Aside from that amusement, this fight certainly isn’t in the same league as the true heavy hitters of these games. It deserves some credit for being entertaining and fairly balanced, but aside from its humorous callback, Celestial Emissary just doesn’t measure up.
97. Baneful Queen Mytha (Dark Souls II)
Far be it from me to call a snake lady who carries her own head and wields a spear a Medusa rip-off, but I do believe that Mytha may just have taken inspiration from Medusa during the design phase.
Despite the familiar visual cues, this is actually an interesting fight given the area where it's set. While most of the time Mytha is surrounded by a pool of poison that harms you and heals her, if you manage to burn an otherwise perfectly innocent windmill prior to this fight, then you can remove much of the poison and make the battle easier. Of course, a similar idea would actually lend itself to a much more interesting fight elsewhere in the game.
96. Dragonslayer Armour (Dark Souls III)
The low rank of this boss fight will undoubtedly be controversial to some. After all, this boss fight demands that players abandon the comfort of the circle-strafe strategy and employ some expert combat rolls in order to win the day. It’s a battle that makes you feel like you’re participating in a true duel of skills.
Unfortunately, this fight lacks flair. Perhaps that’s an odd complaint, but given how special the best Souls fights feel, thematically uncreative duels such as this tend to stand out in the wrong ways.
95. Sanctuary Guardian (Dark Souls)
Generally speaking, the bosses in Dark Soul’s Prepare to Die expansion were excellent. While Sanctuary Guardian is perhaps the weakest of the four new bosses in the bunch, this is still a good encounter.
A part of what makes Sanctuary Guardian special is certainly its perfect use of the “tough, but fair” Dark Souls difficulty, but there’s also something to be said for the design of the beast and the way that it looks like the perfect boss for the job of protecting the rare piece of sanctuary that you fight it in.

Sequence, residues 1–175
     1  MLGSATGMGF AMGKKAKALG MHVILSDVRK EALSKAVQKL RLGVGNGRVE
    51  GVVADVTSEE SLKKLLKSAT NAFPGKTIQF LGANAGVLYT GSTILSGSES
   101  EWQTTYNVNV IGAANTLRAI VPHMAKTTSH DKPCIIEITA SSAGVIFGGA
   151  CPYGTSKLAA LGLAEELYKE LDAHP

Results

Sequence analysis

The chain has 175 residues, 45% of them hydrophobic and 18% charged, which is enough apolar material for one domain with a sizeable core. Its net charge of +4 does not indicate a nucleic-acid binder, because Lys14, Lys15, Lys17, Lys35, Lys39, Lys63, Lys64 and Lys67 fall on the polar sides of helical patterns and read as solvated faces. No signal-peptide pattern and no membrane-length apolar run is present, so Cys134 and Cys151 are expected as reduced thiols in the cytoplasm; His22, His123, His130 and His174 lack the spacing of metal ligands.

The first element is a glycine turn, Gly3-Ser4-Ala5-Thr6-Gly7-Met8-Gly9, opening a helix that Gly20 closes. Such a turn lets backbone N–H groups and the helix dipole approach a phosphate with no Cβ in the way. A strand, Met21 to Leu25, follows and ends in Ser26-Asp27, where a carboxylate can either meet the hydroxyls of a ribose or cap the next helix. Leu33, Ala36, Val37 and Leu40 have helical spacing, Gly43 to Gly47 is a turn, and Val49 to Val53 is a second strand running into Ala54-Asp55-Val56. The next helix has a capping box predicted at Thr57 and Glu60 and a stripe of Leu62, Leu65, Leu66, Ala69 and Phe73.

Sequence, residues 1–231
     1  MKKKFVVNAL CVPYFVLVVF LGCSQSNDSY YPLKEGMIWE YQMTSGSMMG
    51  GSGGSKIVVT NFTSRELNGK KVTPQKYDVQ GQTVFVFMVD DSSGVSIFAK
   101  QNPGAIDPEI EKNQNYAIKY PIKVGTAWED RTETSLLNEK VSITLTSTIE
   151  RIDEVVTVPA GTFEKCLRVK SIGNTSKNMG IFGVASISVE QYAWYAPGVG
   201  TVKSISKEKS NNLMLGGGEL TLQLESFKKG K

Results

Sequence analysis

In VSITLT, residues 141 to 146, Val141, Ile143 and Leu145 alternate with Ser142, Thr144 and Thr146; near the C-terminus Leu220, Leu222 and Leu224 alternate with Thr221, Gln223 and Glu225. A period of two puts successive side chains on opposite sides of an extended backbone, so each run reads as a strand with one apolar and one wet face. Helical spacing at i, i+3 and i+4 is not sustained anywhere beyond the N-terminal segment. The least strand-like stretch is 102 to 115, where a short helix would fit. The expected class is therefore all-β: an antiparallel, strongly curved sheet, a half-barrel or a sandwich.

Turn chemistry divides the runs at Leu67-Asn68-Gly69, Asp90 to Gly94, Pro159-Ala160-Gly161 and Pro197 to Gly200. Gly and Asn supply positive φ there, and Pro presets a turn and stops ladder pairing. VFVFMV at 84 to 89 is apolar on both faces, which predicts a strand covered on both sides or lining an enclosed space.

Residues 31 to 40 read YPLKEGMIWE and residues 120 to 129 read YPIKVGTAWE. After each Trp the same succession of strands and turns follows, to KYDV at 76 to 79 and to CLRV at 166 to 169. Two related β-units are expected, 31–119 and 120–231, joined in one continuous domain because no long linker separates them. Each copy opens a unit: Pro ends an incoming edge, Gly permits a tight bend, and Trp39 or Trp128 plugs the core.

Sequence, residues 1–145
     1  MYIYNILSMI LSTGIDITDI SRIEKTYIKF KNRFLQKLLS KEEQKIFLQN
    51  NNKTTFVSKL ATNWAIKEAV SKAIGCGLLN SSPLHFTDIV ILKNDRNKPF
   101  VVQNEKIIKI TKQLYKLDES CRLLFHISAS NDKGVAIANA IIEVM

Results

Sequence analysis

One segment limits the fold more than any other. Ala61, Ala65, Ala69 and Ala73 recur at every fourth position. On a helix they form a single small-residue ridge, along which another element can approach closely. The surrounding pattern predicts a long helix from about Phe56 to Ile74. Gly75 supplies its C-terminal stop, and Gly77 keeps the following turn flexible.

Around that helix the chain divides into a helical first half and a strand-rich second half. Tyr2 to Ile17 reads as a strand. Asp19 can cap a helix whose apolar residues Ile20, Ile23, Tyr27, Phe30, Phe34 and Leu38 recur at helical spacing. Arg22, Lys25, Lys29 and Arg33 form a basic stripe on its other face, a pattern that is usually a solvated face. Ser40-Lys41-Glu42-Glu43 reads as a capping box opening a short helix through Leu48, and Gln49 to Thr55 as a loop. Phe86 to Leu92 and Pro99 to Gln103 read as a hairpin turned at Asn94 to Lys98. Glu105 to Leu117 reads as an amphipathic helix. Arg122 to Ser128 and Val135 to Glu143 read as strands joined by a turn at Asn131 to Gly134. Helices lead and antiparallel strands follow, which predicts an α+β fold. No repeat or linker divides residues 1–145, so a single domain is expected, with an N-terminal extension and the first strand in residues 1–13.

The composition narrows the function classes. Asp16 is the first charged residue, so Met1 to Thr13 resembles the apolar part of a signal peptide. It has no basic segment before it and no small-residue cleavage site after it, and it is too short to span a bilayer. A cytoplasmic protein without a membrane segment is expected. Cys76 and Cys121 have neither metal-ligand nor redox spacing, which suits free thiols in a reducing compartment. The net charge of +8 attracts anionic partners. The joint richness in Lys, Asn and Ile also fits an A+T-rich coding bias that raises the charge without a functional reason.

94. Gravetender Champion & Gravetender Wolf (Dark Souls III)
To be honest, those who believe that the best Souls boss fight must also be its toughest will likely balk at this fight being ranked among others in the franchise. The battle against Champion's Gravetender & Gravetender Greatwolf is fairly easy, especially when you measure it against other DLC boss fights in the series.
However, this fight nails the feel of an epic encounter. The white/blue flowers, the visual of a champion ambling towards you as his guardian wolves pounce without hesitation, and the final summon of a great wolf all help this boss fight tell a contained - yet fascinating - narrative.
93. Moonlight Butterfly (Dark Souls)
I really want to like Moonlight Butterfly more than I do. It’s an oddly tranquil battle that features some great music, and the design of the Butterfly itself is pretty great.
The problem is the fight itself. If you’re using magic or projectiles, this fight is simply laughable. Even as a melee character, you’ll probably find yourself growing bored at some point, as you dodge projectiles with ease and get in a few cheap hits now and then until the boss falls. There was potential here for a really interesting fight, but the presentation of the battle is excellent regardless.
92. Yhorm The Giant (Dark Souls III)
Fights against Souls giants are traditionally kind of unmemorable due to the mechanical pattern they fall victim to. Avoid the power attacks, roll between the legs, and repeat. While the battle against Yhorm the Giant certainly utilizes a similar pattern, it benefits greatly from the emotional weight it carries.
See, the battle against Yhorm can actually be fought with the Onion Knight at your side. That may seem insignificant, but the presence of the Onion Knight in this battle is one of the few moments of clear “fan service” in a Souls game. It’s a welcome use of the tactic.